Belly flops, burgers and brats at Cornwall’s beach barbecue

Mike Bischert taste-tests Dolan Family Hill Farm’s hot dogs on a crowded Hammond Beach.

Simon Markow

Belly flops, burgers and brats at Cornwall’s beach barbecue

CORNWALL — Hammond Beach was packed for the annual Cornwall Town Picnic Tuesday, June 25.

Threatening skies Saturday forced a rescheduling of the picnic, which was rewarded with pristine beach weather on Tuesday. Selectman Rocco Botto reported the water temperature was in the mid 70s at Cream Hill Lake and about 80 degrees on land.

Hosted by Park and Recreation, the picnic was a potluck with many dishes brought from the roughly 100 guests in attendance. A serendipitous 100 hot dogs were donated by Dolan Family Hill Farm and 66 burgers from Hurlburt Farm and Forestry.

Richie Dolan was on hand offering shuttle rides in his Polaris side-by-side from the road down to the beach and back. He said the vehicle was “all gassed up and serviced” before the party and about 90 minutes in he estimated he had made more than two dozen trips up and down.

Sweet tooths were satisfied by ice cream sundaes from Cornwall Agriculture Commission and a selection of desserts at the buffet table. A crowd favorite appeared to be the Oreo pie made by Alicia Russ.

The Oreo pie was a hit among guests of the Cornwall Town Picnic, June 25.Riley Klein

After grubbing up, many guests (mostly children) darted into the water. Older kids raced at the end of the dock while the younger ones played near the shore and in the wet sand. Town lifeguards kept a keen eye on swimmers in the lake.

First Selectman Gordon Ridgway made a splash by diving off the end of the dock. Ridgway said he frequents the beach and considers it “one of Cornwall’s treasures.”

He recalled the origins of Hammond Beach when it was donated to the town in the early 1990s. At the time Ridgway was a young selectman.

“A woman named Roxanna Hammond gave this to the town, three acres, and we built this all with volunteer labor including the beach houses,” he said. “It was a great effort and it’s a gift that is still giving.”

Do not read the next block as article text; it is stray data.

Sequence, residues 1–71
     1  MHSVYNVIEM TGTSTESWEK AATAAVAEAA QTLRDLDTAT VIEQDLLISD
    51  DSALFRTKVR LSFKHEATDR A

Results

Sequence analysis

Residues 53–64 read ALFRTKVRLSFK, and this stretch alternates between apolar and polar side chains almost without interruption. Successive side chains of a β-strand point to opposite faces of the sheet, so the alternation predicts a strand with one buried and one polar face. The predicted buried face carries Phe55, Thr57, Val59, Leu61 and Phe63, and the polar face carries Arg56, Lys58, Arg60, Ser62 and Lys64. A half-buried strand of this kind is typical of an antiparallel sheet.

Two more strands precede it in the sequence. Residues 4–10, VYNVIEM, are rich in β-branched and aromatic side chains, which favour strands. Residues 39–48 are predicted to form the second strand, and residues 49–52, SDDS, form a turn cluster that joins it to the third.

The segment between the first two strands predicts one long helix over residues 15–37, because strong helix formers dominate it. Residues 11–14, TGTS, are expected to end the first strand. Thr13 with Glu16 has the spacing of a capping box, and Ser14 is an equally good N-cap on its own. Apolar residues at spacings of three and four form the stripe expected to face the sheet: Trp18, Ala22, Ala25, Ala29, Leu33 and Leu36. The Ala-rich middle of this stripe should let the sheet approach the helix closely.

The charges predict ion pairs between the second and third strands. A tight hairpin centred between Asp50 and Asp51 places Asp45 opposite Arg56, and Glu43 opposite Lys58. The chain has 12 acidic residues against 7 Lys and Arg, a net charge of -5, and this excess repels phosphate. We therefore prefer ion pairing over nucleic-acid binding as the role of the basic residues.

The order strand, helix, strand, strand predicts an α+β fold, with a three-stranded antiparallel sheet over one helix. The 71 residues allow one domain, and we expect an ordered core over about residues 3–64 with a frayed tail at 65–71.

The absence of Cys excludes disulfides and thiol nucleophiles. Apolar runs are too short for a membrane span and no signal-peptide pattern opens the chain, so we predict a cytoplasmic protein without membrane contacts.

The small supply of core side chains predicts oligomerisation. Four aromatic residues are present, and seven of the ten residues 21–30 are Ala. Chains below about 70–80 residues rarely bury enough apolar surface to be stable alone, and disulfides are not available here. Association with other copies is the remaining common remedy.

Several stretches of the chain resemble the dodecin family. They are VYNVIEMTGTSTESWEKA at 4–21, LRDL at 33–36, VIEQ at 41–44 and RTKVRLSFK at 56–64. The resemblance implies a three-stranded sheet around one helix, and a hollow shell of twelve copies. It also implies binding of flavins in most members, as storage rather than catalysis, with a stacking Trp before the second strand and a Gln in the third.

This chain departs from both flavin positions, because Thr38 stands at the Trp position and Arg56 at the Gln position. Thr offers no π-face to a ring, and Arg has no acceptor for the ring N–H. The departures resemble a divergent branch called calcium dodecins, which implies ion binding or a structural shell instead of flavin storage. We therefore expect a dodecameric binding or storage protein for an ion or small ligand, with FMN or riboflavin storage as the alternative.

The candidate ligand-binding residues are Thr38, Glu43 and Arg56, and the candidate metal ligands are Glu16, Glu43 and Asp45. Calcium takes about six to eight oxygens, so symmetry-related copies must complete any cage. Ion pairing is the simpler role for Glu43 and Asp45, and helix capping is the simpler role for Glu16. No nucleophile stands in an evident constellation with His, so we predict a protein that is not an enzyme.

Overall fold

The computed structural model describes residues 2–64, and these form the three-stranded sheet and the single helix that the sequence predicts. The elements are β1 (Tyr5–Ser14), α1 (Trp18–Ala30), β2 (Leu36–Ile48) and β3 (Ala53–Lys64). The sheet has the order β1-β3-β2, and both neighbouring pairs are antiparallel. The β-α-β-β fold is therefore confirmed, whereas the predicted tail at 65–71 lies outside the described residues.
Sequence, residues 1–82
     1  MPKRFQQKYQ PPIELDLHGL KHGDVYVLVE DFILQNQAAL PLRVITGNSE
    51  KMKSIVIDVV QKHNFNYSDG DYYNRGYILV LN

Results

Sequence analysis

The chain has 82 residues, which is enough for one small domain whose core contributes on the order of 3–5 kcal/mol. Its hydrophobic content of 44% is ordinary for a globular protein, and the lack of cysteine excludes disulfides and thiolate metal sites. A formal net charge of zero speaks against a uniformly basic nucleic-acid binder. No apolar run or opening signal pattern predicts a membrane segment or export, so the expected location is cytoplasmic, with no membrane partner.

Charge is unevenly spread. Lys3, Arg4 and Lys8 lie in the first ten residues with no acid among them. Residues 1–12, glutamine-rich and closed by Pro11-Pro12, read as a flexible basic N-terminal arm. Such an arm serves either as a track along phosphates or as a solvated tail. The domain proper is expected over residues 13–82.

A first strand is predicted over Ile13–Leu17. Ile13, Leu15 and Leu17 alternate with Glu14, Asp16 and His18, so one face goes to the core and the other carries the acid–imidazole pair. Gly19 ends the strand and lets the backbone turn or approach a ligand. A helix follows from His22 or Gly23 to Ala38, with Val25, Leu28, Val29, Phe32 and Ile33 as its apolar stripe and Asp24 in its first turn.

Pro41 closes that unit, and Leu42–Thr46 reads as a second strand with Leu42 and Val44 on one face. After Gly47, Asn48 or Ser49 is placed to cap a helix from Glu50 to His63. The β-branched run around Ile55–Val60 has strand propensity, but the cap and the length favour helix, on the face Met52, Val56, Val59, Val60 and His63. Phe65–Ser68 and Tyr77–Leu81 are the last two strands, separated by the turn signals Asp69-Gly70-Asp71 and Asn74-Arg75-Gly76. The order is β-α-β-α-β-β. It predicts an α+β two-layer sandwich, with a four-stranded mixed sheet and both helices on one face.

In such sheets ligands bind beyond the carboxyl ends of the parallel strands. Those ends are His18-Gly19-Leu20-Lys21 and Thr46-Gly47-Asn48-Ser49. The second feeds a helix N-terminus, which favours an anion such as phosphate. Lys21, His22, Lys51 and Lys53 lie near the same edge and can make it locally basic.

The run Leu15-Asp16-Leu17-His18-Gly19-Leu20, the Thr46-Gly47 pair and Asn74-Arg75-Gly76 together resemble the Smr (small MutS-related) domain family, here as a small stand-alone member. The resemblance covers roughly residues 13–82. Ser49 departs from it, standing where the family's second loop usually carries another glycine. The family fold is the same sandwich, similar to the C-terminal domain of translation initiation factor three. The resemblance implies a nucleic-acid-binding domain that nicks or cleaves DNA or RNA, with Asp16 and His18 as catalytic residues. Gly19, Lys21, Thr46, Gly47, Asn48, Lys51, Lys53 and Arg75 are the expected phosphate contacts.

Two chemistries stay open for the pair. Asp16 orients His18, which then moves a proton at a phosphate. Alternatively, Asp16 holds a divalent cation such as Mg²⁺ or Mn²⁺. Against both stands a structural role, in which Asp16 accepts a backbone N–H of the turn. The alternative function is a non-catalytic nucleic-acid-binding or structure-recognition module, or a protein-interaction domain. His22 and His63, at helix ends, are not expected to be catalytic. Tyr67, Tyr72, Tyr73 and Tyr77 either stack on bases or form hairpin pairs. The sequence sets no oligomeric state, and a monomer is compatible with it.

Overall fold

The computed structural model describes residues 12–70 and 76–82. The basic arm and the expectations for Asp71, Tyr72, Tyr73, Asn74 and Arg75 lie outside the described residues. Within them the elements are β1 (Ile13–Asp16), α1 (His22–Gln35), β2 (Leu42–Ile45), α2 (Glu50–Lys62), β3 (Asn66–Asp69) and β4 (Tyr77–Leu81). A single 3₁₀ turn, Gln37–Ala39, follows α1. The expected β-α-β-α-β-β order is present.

Park and Recreation Chair Michelle Shipp noted the Town Picnic is the first of several community events this summer.

“We’ve got July Fest” July 13 from 4 to 6 p.m. “and then we’ve got Taste of Cornwall” Aug. 10.

Melody Matsudaira kept a watchful eye on swimmers in Cream Hill Lake. Riley Klein

Latest News

Young Salisbury dancer takes national title in Beyond the Stars Dance Competition

Addison Aylward-Vreeland couldn't contain her reaction as the judges named her the first place dancer.

Provided by Larissa Vreeland

SALISBURY — Earlier this month, a rising talent cemented her place in the firmament of competitive dance when Addison Aylward-Vreeland placed first at the national level of the Beyond The Stars Dance Competition.

Aylward-Vreeland, a rising fourth grader at Salisbury Central school, secured top marks among a field of twenty-four regional winners in the solo jazz dance category.

Keep ReadingShow less
Thru hikers linked by life on the Appalachian Trail

Riley Moriarty


Of thousands who attempt to walk the entire length of the Appalachian Trail, only one in four make it.

The AT, completed in 1937, runs over roughly 2,200 miles, from Springer Mountain in Georgia’s Chattahoochee-Oconee National Forest to Mount Katahdin in Baxter State Park of Maine.

Keep ReadingShow less
17th Annual New England Clambake: a community feast for a cause

The clambake returns to SWSA's Satre Hill July 27 to support the Jane Lloyd Fund.


The 17th Annual Traditional New England Clambake, sponsored by NBT Bank and benefiting the Jane Lloyd Fund, is set for Saturday, July 27, transforming the Salisbury Winter Sports Association’s Satre Hill into a cornucopia of mouthwatering food, live music, and community spirit.

The Jane Lloyd Fund, now in its 19th year, is administered by the Berkshire Taconic Community Foundation and helps families battling cancer with day-to-day living expenses. Tanya Tedder, who serves on the fund’s small advisory board, was instrumental in the forming of the organization. After Jane Lloyd passed away in 2005 after an eight-year battle with cancer, the family asked Tedder to help start the foundation. “I was struggling myself with some loss,” said Tedder. “You know, you get in that spot, and you don’t know what to do with yourself. Someone once said to me, ‘Grief is just love with no place to go.’ I was absolutely thrilled to be asked and thrilled to jump into a mission that was so meaningful for the community.”

Keep ReadingShow less